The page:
News that a few hundred social networking geeks will gather Friday for a breakfast meeting at the Minnesota State Fair is not the sort of thing that makes me want to write a column.
But throw in an agenda that includes a bacon haiku contest and, well! Why didn't they say so in the first place?
While my editor has come to expect this sort of goofiness from me on occasion, I do hope that my rabbi is away on a cruise.
Grease and fat beckon
Jewish girl's forbidden fruit
Would a bite kill me?
OK, so haiku isn't my calling. If you think you're hot stuff, you have until 2 p.m. today to get your bacon haiku on. (Remember, the syllable count goes 5-7-5.) Send entries to contest sponsors Social Media Breakfast, Minneapolis/St. Paul chapter, at firstname.lastname@example.org.
But know that you've got stiff competition from fellow Minnesotans, including Amy Mahn:
Smell bacon frying
Want to wear it like perfume
Dab behind the ears
And Peter Barry:
Aromatic meat candy
God I love bacon
And Sara Cziok:
What is not to love?
The scent, the taste, the pig-ness
While the link (ha!) between swine and Twitter may not be instantly clear, it isn't terribly mysterious. About 18 months ago, a dozen local creative and technical types gathered for a coffee-and-Danish discussion of the burgeoning world of social media platforms. As Facebook, Twitter, LinkedIn, YouTube and other music- and photo-sharing options moved into the mainstream, they wondered: How best might we harness these tools' potential, professionally and personally?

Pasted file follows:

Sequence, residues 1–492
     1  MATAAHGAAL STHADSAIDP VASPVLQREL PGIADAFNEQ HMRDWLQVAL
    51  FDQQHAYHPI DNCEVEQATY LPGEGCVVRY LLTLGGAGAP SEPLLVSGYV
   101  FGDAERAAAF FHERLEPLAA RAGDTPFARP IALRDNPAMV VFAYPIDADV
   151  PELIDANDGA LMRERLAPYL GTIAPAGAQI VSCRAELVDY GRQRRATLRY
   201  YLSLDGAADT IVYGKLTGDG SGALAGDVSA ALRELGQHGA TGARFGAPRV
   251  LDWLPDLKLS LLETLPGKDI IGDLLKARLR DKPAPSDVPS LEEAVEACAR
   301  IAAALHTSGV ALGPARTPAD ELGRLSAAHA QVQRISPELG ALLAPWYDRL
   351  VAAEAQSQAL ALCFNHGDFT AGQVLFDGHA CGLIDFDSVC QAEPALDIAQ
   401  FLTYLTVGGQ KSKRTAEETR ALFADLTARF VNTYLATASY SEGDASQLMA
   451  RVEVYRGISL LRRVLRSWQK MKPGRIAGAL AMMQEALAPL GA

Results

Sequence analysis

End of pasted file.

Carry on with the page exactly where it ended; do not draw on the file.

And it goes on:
But first, early adapter Christopher Lower, co-owner of Sterling Cross Communications, asked a more pertinent question:
"Where's the bacon? It's not breakfast without bacon."
Bacon was added, as was a name: Social Media Breakfast. The concept took off, with monthly attendance frequently in the hundreds, including representatives from major corporations such as the Mayo Clinic, Land O Lakes, Deluxe Corp. and Best Buy.
Lower finds it amusing that the Twin Cities group can get so many techy types to a face-to-face social setting. "Geeks do tend to cling to their laptops and not come out in the sunshine much," he said.
Could it be that enticing smell? Probably. But food aside, the members delve into meaty topics that have put the Twin Cities on the national social-networking map.
"These kinds of events are popping up all over the country," said Mykl Roventine, organizer of TechKaroake's Twin Cities branch, "but we have had the most consecutive events, the largest crowds. We're up there with New York and San Francisco."
Roventine is cofounder of Twin Cities Social Media Breakfast with Rick Mahn, husband of the Amy Mahn cited above, who may one day have her own line of pork perfume.
As many as 400 people are expected at Friday's meeting, to be held from 8 to 9:30 a.m. at the fair's Blue Ribbon picnic area. The meeting is open to the public. (For information, go to smbmsp18.eventbrite.com).
The Mahns will be there, as will haiku hopefuls Cziok, a marketing communications manager at LaBreche, and Barry, an information architect at Modern Climate.
The highlight, of course
Ten best loving odes to swine
Save Danish for me
Gail Rosenblum • 612-673-7350 • email@example.com